Apps are continually being added to this database. We encourage you to view each app's ratings as well as rate the apps yourself. We are always interested in adding new apps and encourage you to add your own favorite apps to the TFL AppFinder.
 
In the TFL AppFinder’s “Helpful Links” section  you can connect to how-to videos, app reviews, and possible funding resources for mobile devices. On our start page you may connect to a list of additional Web sites (Other Favorite Apps Databases) with app recommendations for particular disabilities.
 
Please visit the Tools for Life AppFinder and let us know how we can assist you with your app-finding needs!
 
Carolyn Phillips is the Tools for Life program director. Martha Rust is TLF’s AT specialist.

Design Success in Utah!


New patent on car trunk wheelchair lift to benefit UATP


Photo of a man demonstrating the car trunk wheelchair lift, using one hand to guide a folded wheelchair into the back of a sedan.
USU engineering student James Somers demonstrates the car trunk wheelchair lift

By Storee Powell

The Utah Assistive Technology Program (UATP) partners with the Utah State University (USU) College of Engineering to help guide senior capstone projects that focus on assistive technology (AT). USU has a grant from the National Science Foundation to invent new and improved AT devices for the benefit of the aging population. While students have been making great things, the second part of the grant is more challenging: marketing the devices so they ultimately get manufactured and sold to consumers. Recently, however, we've had success!

The car trunk wheelchair lift has now been patented under Utah State University. This is a device that hooks onto most cars and hoists a manual wheelchair into the trunk so that very little exertion is required. Currently, USU and UATP are negotiating with a local company to see the device licensed and manufactured. Not only will this device serve consumers at an affordable cost, but some proceeds will benefit the AT program, and the students get a taste of the disability and AT world. A win-win-win!

Storee Powell is the marketing/public relations specialist for UATP


Nationwide, AT Reuse is Taking Off! 
 

PIOC logo with recycling arrows.

by Liz Persaud and Carolyn Phillips of the Pass It On Center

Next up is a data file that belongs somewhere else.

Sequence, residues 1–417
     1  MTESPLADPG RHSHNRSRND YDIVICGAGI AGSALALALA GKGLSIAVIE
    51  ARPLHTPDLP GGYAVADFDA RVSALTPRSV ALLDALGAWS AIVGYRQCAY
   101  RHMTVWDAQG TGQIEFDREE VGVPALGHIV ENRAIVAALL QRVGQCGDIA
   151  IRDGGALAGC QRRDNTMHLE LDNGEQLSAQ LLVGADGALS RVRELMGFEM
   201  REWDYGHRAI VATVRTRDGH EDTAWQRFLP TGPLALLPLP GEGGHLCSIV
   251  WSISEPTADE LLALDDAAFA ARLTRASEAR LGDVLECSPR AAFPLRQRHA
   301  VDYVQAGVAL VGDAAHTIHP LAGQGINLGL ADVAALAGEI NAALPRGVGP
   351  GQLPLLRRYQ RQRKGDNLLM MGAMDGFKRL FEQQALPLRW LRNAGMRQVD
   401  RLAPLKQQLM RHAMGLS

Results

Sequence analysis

In response to ongoing continuous requests for help establishing or expanding assistive technology (AT) and durable medical equipment (DME) reuse programs, the Pass It On Center hosted a national conference this past December 11th-13th. The conference served Centers for Independent Living, non-profits, and faith-based organizations and took place at the Georgia Tech Hotel and Conference Center in Atlanta. It provided an opportunity for leaders  throughout the US and territories in the field of independent living and AT/DME Reuse to come together and collectively focus on real solutions for individuals who can benefit from access to gently used affordable equipment.
 
Close to 100 participants came from over 27 states! The event  showcased successful practices and quality programs that work within or in collaboration with Centers for Independent Living. For the preconference session, participants toured Friends of Disabled Adults and Children (FODAC) in Stone Mountain, GA--one of the oldest and largest reuse programs in the U.S.--to see reuse activities and best practices in action. Conference general sessions and workshops highlighted lessons learned on issues such as equipment collection, sanitization methods, refurbishment checklists, marketing, inventory tracking, equipment matching, program sustainability, and much more.
 
PIOC preconference attendees touring FODAC
FODAC Executive Director Chris Brand gives a tour to representatives from the Tennessee Technology Access Program, Project MEND in Texas, Access 2 Independence in Columbus, GA, MassMATCH in Boston, and WisLoan, Wisconsin's AFP.
 
Attendees were successful recognizing their own accomplishments and that of partner programs, and many identified points for collaboration and for building national networks for reuse service delivery. To learn more about this national conference, and for access to the general and concurrent session presentations and handouts, please visit www.passitoncenter.org.

Liz Persaud is the PIOC's training, outreach and development coordinator. Carolyn Phillips is PIOC's director.


The Sky Wi-Fi Smart Pen... Should You Upgrade?


It's clear to ATPN that many technology developers work where there is limitless and dependable broadband (hence the continued emergence of cloud-based everything). However, much of America lives a very different reality. Thanks to North Dakota's IPAT for sending in this review of the latest pen from Livescribe, and alerting our readership to the very helpful tech reviews of Jeannie Krull...